How Heel Striking Causes Knee Overuse Injury

Knee overuse injury arises in heel strike running when the swing leg overextends out in front of the body to enable heel strike at touchdown. Below, show’s a heel strike runner overextending the knee (unbending it) to heel strike.

Knee Overuse Injury
Straightening the knee at touchdown is linked to knee overuse injury in runners.

How Heel Striking Causes Knee Overuse Injury

In heel strike running, knee extension at touchdown causes the knee joint to lock which prevents the knee extensors from absorbing energy [1,2].

  • Impact is amplified because the high impact nature at heel strike increases mechanical work on the knee to bring the vertical velocity of the body segments to zero [1].
  • As a result, impact becomes unattenuated and the knee joint is overloaded with impact shock.
How Heel Striking Causes Knee Overuse Injury
Weight-bearing on the knee-joint increases when the knee locks into an extended position at heel strike, thereby amplifying impact.

The risk of knee injury also increases as the speed of heel strike running increases because the rate of rapid deceleration at heel strike increases with running speed, which in turn increases weight-bearing activity on the knee joint [1].

Likewise, knee overuse injuries remain high in heel strike runners, implying that passive structures, such as the heel pad and shoe cushioning, fail to deliver impact protection. Not only that, science does not support the role of such structures in reducing running-related knee injuries.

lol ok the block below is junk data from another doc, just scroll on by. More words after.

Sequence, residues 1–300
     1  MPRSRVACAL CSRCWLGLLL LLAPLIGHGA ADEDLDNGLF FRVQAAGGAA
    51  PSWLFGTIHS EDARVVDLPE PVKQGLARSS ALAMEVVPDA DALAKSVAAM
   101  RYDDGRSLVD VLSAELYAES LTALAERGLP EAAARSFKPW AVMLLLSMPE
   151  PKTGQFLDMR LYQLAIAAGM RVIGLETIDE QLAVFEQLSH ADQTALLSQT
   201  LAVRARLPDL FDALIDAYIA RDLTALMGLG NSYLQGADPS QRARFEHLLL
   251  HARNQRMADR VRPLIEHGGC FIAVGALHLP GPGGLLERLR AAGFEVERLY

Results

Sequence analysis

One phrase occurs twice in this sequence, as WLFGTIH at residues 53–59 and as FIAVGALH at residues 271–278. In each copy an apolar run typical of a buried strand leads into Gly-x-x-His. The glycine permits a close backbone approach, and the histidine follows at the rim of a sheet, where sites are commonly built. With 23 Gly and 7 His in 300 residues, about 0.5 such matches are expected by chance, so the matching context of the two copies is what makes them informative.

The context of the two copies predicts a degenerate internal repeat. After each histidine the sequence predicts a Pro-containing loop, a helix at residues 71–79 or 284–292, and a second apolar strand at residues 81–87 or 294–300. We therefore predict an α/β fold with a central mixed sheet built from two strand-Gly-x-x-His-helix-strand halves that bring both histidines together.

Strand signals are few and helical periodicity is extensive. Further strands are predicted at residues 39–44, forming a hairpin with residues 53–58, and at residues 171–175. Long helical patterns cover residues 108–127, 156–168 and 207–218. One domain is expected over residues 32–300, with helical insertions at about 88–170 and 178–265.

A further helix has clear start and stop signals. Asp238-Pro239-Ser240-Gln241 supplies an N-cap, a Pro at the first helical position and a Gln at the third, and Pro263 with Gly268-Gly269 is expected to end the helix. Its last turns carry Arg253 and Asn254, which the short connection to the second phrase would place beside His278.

If anything, cushioned running shoes for example, give runners a false sense of security that discourages them from taking more effective measures, such as landing on the forefoot, to reduce shock on the knee.

Less Knee Injury in Forefoot Running

Science however, does support forefoot running, barefoot or in barefoot like shoes, as a more effective measure to attain knee joint health, such as preventing knee hyperextension and encouraging knee flexion at touchdown.

Learn how forefoot running protects the knee joint better than heel strike running.

Ultimately, cushioned running shoes feel comfortable, but they do not go far enough in protecting the knees from the high impact nature of heel strike running.

Need more convincing? Discover how damaging heel strike running is on the knees!

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References:

[1]. Derrick et al. Energy absorption and impacts during running at various stride lengths. Med Sci Sports Exerc, 1998;30(1):128-135

[2]. Voloshin, A. and J. Wosk. An in vivo study of low back pain and shock absorption in the human locomotor system. J. Biomech. 15:21-27, 1982.

Bretta Riches

Bretta Riches

"I believe the forefoot strike is the engine of endurance running..."

BSc Neurobiology; MSc Biomechanics candidate, ultra minimalist runner & founder of RunForefoot. I was a heel striker, always injured. I was inspired by the great Tirunesh Dibaba to try forefoot running. Now, I'm injury free. This is why I launched Run Forefoot, to advocate the health & performance benefits of forefoot running and to raise awareness on the dangers of heel striking, because the world needs to know.
Bretta Riches

P.S. Don't forget to check out the Run Forefoot Facebook Page, it's a terrific place to ask questions about forefoot running, barefoot running and injury. I'm always happy to help!

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